|San Francisco-based singer/songwriter Garrin Benfield performs at a house party in Berkeley, CA.
Sometimes it can take convincing to get your
friends and fans out to hear you in an 11 p.m.
slot at the club downtown; you’ll draw out
those with evening jobs and those who love
the nightlife, but your early-to-rise fans will
likely wait for an earlier show to be posted to
your mailing list. And solo performers might
be looking for an alternative to the café gig,
playing for tips to the backing track of hissing
cappuccinos. Off the grid, you’ll find the house
concert—an engagement that is both profitable
and intimate, where the audience comes to listen,
socialize, and get to know you as an artist.
For singer-songwriters, house concerts
are an absolute dream: You perform for a captive
audience, who’s hanging on every word.
For bands, they can be a great way to perform
acoustic versions of your songs for a truly
unique evening for your fans.
Ian Crombie, executive director of the West
Coast Songwriters organization (westcoastsongwriters.org), suggests that house concerts
are ideal shows to book in this challenging economy.
“The audience you’ll get at a house concert
is totally different. Even though they might not
go to a show at a club, they are happy to donate $20 and watch you at their neighbor’s house,
drink wine, visit and hear all about you, and not
worry about driving home. Guests are happy to
take home a CD or merch item as a memento.
If this kind of gig sounds like something
you would be interested in adding to your calendar,
consider a few tips from San Francisco-based
house concert promoter KC Turner. He
has built a strong brand for house concerts, KC
Turner Presents (kcturnerpresents.com), featuring
talent of his choice, both national and
local. Turner offers a few tips for artists interested
in booking a house concert:
Go to your fanbase first Rather than pitching
yourself directly to promoters of house
concerts (who are typically picking the
talent based on their own tastes), reach out
to your fans. See who might be interested in
hosting you for a concert. Then work out the
details of production. Tips on hosting concerts
are available on Concerts in Your Home:
Understand production needs “In planning
your show, think about how to make it successful and interesting from the audience
perspective. It’s important to schedule time
for breaks for stretching, socializing, and
getting to know the artist, whether there are
ten or 80 folks in the audience,” says Turner.
With his shows, he advances all of the production,
including pre-production, sound,
scheduling, introductions, and so forth. If
you are working with a new host, KC recommends
he or she watch the videos on hosting
to optimize the experience. Be sure to confirm
that the host understands that donations
will be accepted; otherwise it should be set up
as a private party.
Be ready for high interaction with fans
Turner adds that artists should plan to bring
more energy to a house concert than they
might for a venue, as they will be expected to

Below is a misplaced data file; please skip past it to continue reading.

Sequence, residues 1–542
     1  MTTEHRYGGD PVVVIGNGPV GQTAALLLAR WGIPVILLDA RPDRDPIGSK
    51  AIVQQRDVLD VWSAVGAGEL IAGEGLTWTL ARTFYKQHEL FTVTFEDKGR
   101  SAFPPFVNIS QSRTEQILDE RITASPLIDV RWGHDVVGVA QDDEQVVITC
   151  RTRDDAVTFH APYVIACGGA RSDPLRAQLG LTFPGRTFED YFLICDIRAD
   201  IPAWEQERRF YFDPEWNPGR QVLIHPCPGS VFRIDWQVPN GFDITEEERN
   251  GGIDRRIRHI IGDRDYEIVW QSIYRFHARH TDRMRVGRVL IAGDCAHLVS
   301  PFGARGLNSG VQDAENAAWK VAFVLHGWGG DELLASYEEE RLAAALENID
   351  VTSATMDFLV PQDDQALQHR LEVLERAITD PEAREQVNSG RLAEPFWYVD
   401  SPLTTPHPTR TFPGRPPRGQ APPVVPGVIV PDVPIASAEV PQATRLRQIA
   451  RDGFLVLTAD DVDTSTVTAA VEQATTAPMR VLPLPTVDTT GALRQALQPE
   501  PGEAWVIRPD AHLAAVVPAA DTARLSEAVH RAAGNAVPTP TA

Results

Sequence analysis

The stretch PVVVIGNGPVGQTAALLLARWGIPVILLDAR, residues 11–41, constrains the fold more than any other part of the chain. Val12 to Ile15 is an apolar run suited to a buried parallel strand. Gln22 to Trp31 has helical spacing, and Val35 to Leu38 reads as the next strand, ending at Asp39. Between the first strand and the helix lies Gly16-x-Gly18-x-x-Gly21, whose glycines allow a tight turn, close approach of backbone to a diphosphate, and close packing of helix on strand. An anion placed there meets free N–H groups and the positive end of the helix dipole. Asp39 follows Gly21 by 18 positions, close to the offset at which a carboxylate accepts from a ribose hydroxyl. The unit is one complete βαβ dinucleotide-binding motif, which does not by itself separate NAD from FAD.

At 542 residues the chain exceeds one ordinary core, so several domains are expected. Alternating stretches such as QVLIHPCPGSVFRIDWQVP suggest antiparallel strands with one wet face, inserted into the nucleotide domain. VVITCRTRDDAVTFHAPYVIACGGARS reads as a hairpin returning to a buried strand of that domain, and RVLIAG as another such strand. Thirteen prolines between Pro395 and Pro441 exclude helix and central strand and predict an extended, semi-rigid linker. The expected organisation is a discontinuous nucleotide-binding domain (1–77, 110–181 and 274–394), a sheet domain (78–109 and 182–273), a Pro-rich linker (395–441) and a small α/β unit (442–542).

interact with every fan that attends. “You’ll be
making personal connections with everyone
before the show—connect with every attendee,
and have the energy to really embrace the people
who are there,” he says. “Make this concert
as special as possible.”
Turner adds that house concerts are great
shows to fill in dates on tours. Reaching out to
your fans via your email list and social media,
you may find you can fill in dates that otherwise
were maxed out in markets on the road.
For a recent tour he booked for artist Megan Slankard (meganslankard.com), they successfully
notched 80 shows in 90 days—filling in
club dates with house concerts from her fan
base, and often turning the profit in these intimate
shows. Often, hosts and bookers will
want to see clips of your live shows before
committing, so get started by hitting up the
open mics and have a friend video you—and/
or perform for a few friends in your own living
room. You might consider adding a “house
concert” tab to your website as well, letting
your fans know that you are available to offer
Try another angle: Host a house concert
at your own home, for an exclusive fan experience.
You could pick your top ten fans and
host a show sharing your brand-new songs
and get their feedback—or perhaps host a
show in connection to your next album
fundraiser. I hosted an industry-only concert
after my album was released and found my
peers in the industry were thrilled to have
the social time together and also hear music
in this intimate space.
Dig Deeper: Web Resources
Check out these online performer resources and a few examples of successful
See Sean Hayes’ KC Turner Presents House Concert performance of “Powerful
Stuff,” which was featured in a Suburu commercial. (youtube.com/
Watch John Craigie’s performance—complete with audience sing-along—of
“Chuck Norris’ Tears Cure Cancer; Too Bad He Never Cries.” (youtube.com/
Visit KC Turner Presents (kcturnerpresents.com) to review some of the artists he
has booked, as well as his approach to promoting house concerts in your city.
Visit Megan Slankard’s website (meganslankard.com) for an example of a way to
engage your fanbase in house concerts.
Check out West Coast Songwriters (westcoastsongwriters.org) for insights on
advancing your career as a songwriter.
Kaitlin McGaw is a freelance writer and
musician, who can be found rocking for
kids with her hip-hop group Alphabet
Rockers, or behind the piano composing as
a singer-songwriter. For more information,